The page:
Since the start of the pandemic, almost everyone has become an armchair data scientist. Each morning, we wake up and want to know how many cases of COVID-19 are in our local area, where those cases are, whether the case numbers are rising or falling, and how many people have been vaccinated.
In a way, COVID-19 has taught us the value of data. Managing a pandemic is certainly a powerful example of how data can keep us safe, but its uses are far more expansive.
Data is indispensable to the world’s efforts to reduce carbon emissions. Automakers are using it to make automated driving safer. Financial regulators use it to identify corrupt transactions. Doctors use it to diagnose diseases and treat cancer better. It doesn’t matter what the problem is; there’s a good chance that data can be part of the solution.
Microsoft President Brad Smith spoke at the Asia Tech x Singapore today on the opportunity data presents for addressing Asia’s challenges.
Asia is uniquely poised to be a leader in the innovative use of data. The amount of data we generate – and which we can put to good use – is only limited by the population size and the number of connected devices in each country. And with more than half the world’s people, Asia generates lots of data that can have a vast number of applications.
Protect trust in data
To truly capitalize on the promise of data, we need to ensure that it serves the public good. Above all, we need to ensure that trust, security and privacy are always at the center of how we handle data. That’s why Microsoft continues its emphasis on strong security and why we have extended the benefits of Europe’s General Data Protection Regulation (GDPR) to all our customers globally.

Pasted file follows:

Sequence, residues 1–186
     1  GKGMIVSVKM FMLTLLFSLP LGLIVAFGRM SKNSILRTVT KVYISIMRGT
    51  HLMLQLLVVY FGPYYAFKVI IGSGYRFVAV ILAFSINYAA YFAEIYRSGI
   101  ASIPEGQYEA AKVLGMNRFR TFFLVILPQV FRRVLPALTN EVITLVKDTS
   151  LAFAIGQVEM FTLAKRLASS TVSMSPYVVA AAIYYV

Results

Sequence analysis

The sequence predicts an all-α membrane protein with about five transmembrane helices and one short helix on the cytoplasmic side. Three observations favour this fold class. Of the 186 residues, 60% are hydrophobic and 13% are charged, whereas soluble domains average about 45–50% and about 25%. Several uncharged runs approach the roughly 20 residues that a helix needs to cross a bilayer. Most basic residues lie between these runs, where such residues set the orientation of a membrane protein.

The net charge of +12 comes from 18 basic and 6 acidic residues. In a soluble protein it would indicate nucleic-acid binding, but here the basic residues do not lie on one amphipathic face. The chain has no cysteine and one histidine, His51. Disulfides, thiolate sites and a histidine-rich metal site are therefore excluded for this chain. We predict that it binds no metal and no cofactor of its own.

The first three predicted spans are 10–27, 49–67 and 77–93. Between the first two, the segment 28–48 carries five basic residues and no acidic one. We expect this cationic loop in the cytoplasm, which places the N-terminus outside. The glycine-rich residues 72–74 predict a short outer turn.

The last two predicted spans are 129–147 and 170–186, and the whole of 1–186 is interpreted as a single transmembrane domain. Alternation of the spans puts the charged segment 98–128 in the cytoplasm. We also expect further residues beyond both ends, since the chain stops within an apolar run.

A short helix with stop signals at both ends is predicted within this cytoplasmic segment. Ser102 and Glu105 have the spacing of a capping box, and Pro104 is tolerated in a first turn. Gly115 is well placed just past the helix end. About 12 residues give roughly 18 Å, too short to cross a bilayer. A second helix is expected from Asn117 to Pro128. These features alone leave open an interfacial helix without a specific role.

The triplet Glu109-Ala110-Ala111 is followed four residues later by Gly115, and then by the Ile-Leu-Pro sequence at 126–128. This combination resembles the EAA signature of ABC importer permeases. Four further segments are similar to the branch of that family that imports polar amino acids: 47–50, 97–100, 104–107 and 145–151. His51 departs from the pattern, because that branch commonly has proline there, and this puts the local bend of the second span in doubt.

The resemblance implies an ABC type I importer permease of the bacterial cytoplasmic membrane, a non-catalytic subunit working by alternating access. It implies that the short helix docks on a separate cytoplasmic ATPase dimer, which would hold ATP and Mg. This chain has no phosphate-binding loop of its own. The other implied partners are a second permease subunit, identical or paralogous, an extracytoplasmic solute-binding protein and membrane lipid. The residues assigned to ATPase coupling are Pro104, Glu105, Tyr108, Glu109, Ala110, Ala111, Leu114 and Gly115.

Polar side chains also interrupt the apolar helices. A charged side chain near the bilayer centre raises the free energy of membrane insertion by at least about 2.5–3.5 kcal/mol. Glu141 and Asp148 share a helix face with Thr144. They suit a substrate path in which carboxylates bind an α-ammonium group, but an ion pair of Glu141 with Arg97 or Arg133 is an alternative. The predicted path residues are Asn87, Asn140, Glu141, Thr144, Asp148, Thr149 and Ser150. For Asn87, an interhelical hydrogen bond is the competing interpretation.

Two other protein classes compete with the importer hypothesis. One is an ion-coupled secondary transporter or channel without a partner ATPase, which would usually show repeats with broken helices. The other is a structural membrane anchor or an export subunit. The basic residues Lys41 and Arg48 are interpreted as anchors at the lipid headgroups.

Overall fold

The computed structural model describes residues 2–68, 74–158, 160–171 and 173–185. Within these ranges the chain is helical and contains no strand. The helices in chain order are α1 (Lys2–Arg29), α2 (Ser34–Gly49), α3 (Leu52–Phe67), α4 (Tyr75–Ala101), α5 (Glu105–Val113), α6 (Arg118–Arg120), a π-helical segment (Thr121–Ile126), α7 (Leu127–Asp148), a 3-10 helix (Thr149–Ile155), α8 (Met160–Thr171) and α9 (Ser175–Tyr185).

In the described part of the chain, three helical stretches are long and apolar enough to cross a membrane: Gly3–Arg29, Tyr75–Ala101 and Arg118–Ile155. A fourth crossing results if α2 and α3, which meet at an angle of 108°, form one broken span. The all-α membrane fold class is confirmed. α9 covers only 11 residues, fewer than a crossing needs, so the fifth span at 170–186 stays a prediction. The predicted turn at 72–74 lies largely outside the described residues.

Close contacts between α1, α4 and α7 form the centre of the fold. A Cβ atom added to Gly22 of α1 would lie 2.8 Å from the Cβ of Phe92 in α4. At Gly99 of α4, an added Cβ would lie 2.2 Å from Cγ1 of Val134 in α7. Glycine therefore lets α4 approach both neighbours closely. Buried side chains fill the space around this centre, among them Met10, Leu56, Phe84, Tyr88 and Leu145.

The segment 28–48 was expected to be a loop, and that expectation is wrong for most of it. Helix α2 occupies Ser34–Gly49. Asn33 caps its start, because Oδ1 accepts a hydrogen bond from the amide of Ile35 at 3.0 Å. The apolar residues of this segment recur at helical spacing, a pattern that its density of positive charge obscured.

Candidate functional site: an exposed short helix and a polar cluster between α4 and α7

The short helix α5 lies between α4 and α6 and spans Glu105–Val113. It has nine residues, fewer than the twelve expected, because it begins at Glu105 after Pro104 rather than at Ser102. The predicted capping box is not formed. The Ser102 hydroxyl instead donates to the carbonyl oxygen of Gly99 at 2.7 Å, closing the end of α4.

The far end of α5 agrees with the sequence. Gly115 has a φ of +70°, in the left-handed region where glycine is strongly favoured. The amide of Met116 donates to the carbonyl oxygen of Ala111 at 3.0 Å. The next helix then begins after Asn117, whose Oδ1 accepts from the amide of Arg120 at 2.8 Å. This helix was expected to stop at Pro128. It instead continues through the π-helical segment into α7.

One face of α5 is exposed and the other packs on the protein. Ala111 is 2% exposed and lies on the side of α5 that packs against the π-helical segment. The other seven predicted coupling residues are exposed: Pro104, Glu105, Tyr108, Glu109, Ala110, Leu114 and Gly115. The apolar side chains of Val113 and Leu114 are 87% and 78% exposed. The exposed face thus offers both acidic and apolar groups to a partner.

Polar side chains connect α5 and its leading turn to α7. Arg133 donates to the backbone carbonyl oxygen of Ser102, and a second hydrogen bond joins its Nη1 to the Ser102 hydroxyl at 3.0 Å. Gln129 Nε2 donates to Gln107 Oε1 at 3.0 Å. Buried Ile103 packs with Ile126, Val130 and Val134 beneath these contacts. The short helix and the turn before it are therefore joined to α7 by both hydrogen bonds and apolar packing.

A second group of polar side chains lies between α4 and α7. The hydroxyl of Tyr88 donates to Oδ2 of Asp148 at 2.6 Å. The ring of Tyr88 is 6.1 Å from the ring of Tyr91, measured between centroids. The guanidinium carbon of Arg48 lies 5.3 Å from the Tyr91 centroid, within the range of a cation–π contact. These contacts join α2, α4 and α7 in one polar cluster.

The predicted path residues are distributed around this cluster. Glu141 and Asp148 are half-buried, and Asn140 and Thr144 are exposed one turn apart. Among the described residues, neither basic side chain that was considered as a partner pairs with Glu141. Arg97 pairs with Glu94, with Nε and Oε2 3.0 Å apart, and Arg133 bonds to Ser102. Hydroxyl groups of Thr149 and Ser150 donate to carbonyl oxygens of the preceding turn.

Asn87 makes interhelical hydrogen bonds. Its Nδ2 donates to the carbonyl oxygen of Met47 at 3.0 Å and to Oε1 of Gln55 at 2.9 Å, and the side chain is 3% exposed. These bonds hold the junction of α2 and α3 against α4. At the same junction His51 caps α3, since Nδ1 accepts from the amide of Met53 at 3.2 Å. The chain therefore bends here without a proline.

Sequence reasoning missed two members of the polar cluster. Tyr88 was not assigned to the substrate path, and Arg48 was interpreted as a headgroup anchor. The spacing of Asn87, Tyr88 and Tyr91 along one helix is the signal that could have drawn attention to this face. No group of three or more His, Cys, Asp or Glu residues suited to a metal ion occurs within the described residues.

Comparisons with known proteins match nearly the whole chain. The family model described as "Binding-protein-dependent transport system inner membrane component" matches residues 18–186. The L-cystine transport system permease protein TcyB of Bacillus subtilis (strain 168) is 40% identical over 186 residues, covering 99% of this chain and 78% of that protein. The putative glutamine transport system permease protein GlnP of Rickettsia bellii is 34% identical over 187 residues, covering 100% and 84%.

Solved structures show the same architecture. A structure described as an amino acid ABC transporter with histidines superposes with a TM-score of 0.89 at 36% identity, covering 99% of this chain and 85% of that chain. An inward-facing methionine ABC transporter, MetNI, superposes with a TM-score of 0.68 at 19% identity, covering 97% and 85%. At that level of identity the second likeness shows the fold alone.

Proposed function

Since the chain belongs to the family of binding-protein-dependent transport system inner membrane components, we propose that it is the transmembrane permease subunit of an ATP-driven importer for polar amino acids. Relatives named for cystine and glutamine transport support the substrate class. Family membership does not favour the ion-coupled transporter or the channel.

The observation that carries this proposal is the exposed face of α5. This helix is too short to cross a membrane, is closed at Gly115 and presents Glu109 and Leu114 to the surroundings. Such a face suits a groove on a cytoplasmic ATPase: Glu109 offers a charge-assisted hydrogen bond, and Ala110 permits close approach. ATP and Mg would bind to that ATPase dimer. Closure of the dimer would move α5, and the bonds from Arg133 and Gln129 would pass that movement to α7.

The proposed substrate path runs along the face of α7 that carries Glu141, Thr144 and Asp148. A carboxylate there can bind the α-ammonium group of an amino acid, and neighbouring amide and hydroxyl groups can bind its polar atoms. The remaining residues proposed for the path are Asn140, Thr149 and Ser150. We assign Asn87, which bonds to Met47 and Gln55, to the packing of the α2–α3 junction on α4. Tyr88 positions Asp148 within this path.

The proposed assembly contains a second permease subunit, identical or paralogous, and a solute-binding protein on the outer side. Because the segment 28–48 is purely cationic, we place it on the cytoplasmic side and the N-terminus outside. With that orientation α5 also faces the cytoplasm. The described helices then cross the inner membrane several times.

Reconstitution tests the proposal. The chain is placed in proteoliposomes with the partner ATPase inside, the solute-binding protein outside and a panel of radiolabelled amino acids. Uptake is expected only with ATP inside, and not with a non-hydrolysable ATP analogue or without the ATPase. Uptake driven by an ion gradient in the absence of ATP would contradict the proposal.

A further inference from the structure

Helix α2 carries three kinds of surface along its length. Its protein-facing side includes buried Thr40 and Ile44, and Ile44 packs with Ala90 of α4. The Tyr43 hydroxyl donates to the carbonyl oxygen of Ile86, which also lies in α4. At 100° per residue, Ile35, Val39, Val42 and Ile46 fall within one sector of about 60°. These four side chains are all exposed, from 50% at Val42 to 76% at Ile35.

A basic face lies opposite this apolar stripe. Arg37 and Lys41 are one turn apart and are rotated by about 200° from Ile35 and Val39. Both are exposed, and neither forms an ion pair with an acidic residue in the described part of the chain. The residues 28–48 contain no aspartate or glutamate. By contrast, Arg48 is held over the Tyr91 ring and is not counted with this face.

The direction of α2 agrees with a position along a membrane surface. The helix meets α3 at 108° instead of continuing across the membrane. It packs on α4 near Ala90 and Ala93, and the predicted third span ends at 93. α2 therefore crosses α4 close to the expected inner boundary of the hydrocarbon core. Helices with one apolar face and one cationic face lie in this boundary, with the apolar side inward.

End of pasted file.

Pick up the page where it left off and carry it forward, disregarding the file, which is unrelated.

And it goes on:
At the same time, it is critical to pursue new initiatives that can collect data in a privacy-sensitive way so that businesses and governments can realize its full potential without compromising trust.
Closing the data divide
The world generates huge amounts of data but it is far too concentrated at present. Today, fewer than 100 companies control 50% of the data generated by online interactions. And according to PwC, 70% of the economic value generated by artificial intelligence – a set of technologies that’s crucial to helping us make sense of the huge volumes of data we generate – will accrue solely in the U.S. and China.
We must overcome the “data divide” that separates countries and companies with the data they need to innovate from those that do not. This will involve training a new generation of workers who have the skills to put data to use.
It will also mean developing frameworks so data can be shared safely among government and businesses. Microsoft is supporting efforts across Asia to develop these protocols. We are also pursuing open data initiatives around the world and have established several datacenter regions in Asia over the past year, such as in Malaysia, Indonesia, Taiwan and New Zealand.
Collaboration for success
As Brad Smith made clear in his remarks at Asia Tech x Singapore, Microsoft firmly believes that success ultimately lies in combining security and trust with enough flexibility to allow for greater innovation through data. It will also depend on the willingness of governments and organizations to seek out and deepen new collaborations.
Now is the perfect time to act. Governments and businesses across the region have developed new data capabilities to manage the pandemic. They are more aware than ever of the possibilities. Let’s use this unique historical moment as an opportunity to commit ourselves to put data to work to help Asia address the next great set of challenges.